To help with this issue, Kubernetes configuration gives engineers two fields for managing resources:
requestsset the minimum resource usage of the workload. When a workload gets scheduled on a Node, you can be sure that at least this much is available
limitsset the maximum resource usage of the workload. When a Pod for the workload tries to use more than this amount, the Pod will get killed and a new one will start.
The actual resource usage of a given workload will be somewhere between these two numbers, and will fluctuate heavily from second to second (just look at the Activity Monitor on your macbook to see how much this can vary!).
Solution: One way of estimating bottom-line workload cost is to look at that fluctuating number, and take an average over time. Another way of estimating workload cost is to look at
limits in order to provide a range of possibilities, or to take an average of the two.
Since Fairwinds Insights is primarily concerned with configuration validation, we opt for the second strategy - we want to tell you, given your current configuration, how much you can expect this workload to cost.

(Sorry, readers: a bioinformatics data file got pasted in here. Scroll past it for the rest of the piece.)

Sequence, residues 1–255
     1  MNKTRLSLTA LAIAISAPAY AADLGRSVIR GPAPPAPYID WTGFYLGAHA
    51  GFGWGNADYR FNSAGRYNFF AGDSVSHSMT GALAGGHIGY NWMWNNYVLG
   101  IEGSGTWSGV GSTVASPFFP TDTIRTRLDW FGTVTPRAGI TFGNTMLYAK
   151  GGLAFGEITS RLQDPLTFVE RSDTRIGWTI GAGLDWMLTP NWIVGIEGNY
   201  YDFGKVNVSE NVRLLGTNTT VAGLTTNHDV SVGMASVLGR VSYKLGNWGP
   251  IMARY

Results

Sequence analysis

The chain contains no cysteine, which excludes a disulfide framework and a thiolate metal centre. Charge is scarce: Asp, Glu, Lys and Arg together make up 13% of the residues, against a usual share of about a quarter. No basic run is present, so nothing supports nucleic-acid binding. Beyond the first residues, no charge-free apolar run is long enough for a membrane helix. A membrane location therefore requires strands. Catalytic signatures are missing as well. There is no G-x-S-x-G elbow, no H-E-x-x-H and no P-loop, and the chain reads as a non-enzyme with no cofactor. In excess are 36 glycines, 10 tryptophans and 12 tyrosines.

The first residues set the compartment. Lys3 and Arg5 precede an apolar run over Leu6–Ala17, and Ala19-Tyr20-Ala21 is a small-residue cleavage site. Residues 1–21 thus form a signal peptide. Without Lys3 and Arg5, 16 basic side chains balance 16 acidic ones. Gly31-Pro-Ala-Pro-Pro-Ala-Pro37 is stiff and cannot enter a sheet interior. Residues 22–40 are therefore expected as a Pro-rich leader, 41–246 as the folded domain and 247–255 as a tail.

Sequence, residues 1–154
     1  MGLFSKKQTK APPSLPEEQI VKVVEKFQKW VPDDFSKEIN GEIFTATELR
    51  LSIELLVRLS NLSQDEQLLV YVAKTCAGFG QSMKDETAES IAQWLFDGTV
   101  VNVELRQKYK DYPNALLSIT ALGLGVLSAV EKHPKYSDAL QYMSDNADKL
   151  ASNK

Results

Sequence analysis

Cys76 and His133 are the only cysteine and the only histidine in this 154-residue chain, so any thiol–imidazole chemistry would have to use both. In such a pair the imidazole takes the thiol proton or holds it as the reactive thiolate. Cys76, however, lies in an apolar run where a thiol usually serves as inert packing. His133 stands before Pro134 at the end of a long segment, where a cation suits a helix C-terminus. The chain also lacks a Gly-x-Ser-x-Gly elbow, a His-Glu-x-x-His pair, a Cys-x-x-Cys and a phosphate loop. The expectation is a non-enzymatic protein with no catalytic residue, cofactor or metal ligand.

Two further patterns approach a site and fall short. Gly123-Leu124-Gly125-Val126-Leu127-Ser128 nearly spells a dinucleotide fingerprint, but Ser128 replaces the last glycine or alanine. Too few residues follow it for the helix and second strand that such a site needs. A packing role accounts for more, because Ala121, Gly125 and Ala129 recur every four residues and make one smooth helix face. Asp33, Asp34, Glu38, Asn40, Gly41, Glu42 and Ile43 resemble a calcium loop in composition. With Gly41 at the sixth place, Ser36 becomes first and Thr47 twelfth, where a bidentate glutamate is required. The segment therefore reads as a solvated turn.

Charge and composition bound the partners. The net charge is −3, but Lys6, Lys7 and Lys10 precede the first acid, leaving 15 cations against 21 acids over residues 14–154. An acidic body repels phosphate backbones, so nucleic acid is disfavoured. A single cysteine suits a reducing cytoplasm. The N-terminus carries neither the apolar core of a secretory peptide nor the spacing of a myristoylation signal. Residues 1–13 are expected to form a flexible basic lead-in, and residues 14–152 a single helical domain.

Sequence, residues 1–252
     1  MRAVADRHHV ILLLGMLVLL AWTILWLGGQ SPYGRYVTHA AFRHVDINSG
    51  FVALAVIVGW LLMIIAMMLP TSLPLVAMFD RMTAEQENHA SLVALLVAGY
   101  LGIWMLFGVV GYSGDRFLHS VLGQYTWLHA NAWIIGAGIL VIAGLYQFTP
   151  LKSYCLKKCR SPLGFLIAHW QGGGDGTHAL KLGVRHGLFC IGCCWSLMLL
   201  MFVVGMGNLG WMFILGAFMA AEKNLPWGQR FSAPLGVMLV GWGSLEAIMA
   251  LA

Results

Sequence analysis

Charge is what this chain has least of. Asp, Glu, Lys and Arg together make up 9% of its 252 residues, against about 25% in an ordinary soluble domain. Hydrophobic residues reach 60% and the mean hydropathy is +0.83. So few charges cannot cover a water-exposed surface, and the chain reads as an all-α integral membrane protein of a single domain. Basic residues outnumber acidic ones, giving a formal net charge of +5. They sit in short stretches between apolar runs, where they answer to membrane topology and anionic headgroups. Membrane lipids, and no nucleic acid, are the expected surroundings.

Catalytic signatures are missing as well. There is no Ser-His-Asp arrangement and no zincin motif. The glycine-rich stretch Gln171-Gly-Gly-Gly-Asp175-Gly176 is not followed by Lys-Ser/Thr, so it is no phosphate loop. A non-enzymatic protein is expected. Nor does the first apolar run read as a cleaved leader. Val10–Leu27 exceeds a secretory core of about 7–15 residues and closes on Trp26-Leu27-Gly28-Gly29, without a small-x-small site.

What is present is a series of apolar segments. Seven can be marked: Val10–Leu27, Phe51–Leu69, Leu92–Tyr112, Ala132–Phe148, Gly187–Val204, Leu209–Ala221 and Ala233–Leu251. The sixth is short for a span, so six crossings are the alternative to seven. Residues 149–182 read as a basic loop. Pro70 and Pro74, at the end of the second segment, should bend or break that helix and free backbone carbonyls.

Kubernetes can only do its best with the information it's given. This is why it’s so important to specify
limits for every single one of your workloads.
For example, if one of your workloads duly requests 1GB of memory, but another workload on the same node hasn’t set
limits, the second workload could easily begin to gobble up all the resources available on that Node. This could prevent our original workload from getting all the memory it needs, hurting its performance.
Because it can be tricky to dial these settings in, some teams never set requests or limits at all, while others set them too high during initial testing and then never course correct. To appropriately estimate cost, we need to set the right limits and requests. Fairwinds Insights uses Goldilocks, a free open source tool, to analyze actual resource usage and recommend settings for
limits that are “just right”.
Understanding the financial costs of each of your organization’s applications impact is important, but when they’re all running together in Kubernetes, it can be quite difficult. Fortunately, there are some reasonable ways to solve each of the problems with Kubernetes cost estimation.
By using a combination of right-sizing (more to come on that), adopting the right methods (e.g. conservative vs. optimistic), and employing configuration validation tools like Fairwinds Insights and Goldilocks, you can ensure your Kubernetes deployments run efficiently.